What would it take to have a caring system that addressed health disparities, honored indigenous medicine, and respected the stories and struggles of all people? What are the systems and environmental factors that create conditions of illness? How can we create a culture of care for our children, elders, and the planet? And, what could we be doing differently in this prolonged, confusing, and painful time of Covid-19?
Dr. Rupa Marya is a physician, activist, writer, mother, and a composer. She is an Associate Professor of Medicine at the University of California, San Francisco and the founder and worker-director of the Deep Medicine Circle, a WOC-led organization committed to healing the wounds of colonialisim through food, medicine, story, restoration and learning. Her work sits at the nexus of climate, health and racial justice. She is the co-author with Raj Patel of the book Inflamed: Deep Medicine and the Anatomy of Injustice. Dr. Marya was appointed by Governor Newsom to and serves on the Healthy California for All Commission where she tirelessly advocates for Single Payer healthcare. She has toured twenty-nine countries with her band, Rupa and the April Fishes, whose music was described by the legend Gil Scott-Heron as “Liberation Music.” To learn more about her go to https://rupamarya.org
“I’m going to die someday. So will you. Let’s all do what we can and make key decisions now in order to be kinder to those we’ll leave behind.” —Cianna Stewart, Dying Kindness
Have you thought about what your loved one will have to do when you die? Will they know your passwords, where your Will is, what your vision is for a funeral or celebration? Have you talked with your relatives about their advanced directives, or is it a taboo topic in your family? Consider the conversations that can bring you closer to your loved ones, and clarify your wishes.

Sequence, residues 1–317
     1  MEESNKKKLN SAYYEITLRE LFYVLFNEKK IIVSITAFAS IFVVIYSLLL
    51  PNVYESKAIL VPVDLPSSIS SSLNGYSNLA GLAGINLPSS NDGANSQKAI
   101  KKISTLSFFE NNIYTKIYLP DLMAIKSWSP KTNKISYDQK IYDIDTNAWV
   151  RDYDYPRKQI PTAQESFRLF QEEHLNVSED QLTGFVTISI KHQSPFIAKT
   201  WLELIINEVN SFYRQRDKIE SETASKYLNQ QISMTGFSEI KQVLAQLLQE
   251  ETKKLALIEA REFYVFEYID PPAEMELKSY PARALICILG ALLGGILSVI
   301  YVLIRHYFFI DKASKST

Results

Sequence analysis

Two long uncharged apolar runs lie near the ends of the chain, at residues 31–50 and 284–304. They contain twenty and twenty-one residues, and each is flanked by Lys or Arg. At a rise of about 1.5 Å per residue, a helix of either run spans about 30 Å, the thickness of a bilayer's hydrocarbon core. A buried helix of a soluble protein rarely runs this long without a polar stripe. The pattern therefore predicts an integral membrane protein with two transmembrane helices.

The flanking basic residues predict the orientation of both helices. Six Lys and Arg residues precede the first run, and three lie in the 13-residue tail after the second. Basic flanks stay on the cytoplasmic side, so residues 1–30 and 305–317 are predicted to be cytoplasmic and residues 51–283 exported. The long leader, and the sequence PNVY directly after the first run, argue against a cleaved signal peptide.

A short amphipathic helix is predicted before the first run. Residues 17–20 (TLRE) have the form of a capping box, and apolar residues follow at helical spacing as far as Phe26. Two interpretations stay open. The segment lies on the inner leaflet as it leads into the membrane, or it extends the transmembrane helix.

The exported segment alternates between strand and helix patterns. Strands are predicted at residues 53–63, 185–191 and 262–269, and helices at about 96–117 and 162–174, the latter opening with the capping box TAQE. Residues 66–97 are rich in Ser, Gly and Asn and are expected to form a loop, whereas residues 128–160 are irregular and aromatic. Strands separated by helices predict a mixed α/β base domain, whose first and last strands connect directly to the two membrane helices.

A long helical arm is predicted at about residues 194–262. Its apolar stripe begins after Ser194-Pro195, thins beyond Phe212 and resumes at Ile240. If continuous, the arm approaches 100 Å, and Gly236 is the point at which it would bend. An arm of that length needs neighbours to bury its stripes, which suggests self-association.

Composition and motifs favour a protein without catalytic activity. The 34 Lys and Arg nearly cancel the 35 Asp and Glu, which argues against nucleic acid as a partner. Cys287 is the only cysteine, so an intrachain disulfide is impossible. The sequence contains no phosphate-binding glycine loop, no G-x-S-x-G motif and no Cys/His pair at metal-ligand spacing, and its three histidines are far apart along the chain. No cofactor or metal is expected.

Cianna P. Stewart produces and hosts Dying Kindness, a podcast for people who are going to die someday. The goal is to help people make key decisions now in order to be kinder to those they’ll leave behind. Cianna’s varied resume includes community organizing, HIV prevention, nonprofit management, startups, theater, documentaries, and event production. Cianna’s tagline: Super curious about nearly everything. Tweet @cianna and visit http://www.dyingkindness.com to learn more.
35-57% of adolescent girls engage in crash dieting, fasting, self-induced vomiting, diet pills, or laxatives. Disordered eating also occurs in boys, but at a lower rate. Parents are often at a loss as to how to talk to their teens about their eating behaviors, especially when their child says that everything is fine. Finding quality treatment is difficult, especially now during the pandemic when rates of eating disorders are even higher than before, and clinics have long waiting lists. Stigma and shame continue to be factors that slow down diagnosis and treatment, and can lead to serious medical problems.
Treatment and recovery is possible! Join me and my guest Dr. Sara Buckelew to learn more.
Dr. Sara M. Buckelew is a pediatrician and specialist in adolescent medicine. She is Medical Director of the UCSF Eating Disorders Program and the Adolescent and Young Adult Medicine Clinic at UCSF. Her focus is on caring for teenagers with eating disorders, including anorexia nervosa and bulimia. She is also involved in medical education at UCSF’s School of Medicine.
Dr. Buckelew earned her medical degree from the Perelman School of Medicine at the University of Pennsylvania. She completed a residency in pediatrics at Children’s Hospital Los Angeles and earned a master of public health degree from the University of California, Berkeley. At UCSF, she completed a residency in preventive medicine and public health, followed by a fellowship in adolescent medicine. She is a member of the American Academy of Pediatrics, the American Pediatric Society and Society for Adolescent Health and Medicine.
If you missed the 11/22/21 show with Elizabeth Scott LCSW, CEDS-S, you can listen now.
Health experts who treat eating disorders report an increase in the number of people who are reaching out for help during the Covid-19 pandemic. There are waiting lists at treatment centers across the county, and over the course of the pandemic, the National Eating Disorder Association helpline has reported a 40% increase in call volume.
“It’s estimated that 30 million Americans have struggled with an eating disorder at some point over their lifetime. That breaks down to 20 million women and 10 million men.” —National Eating Disorders Association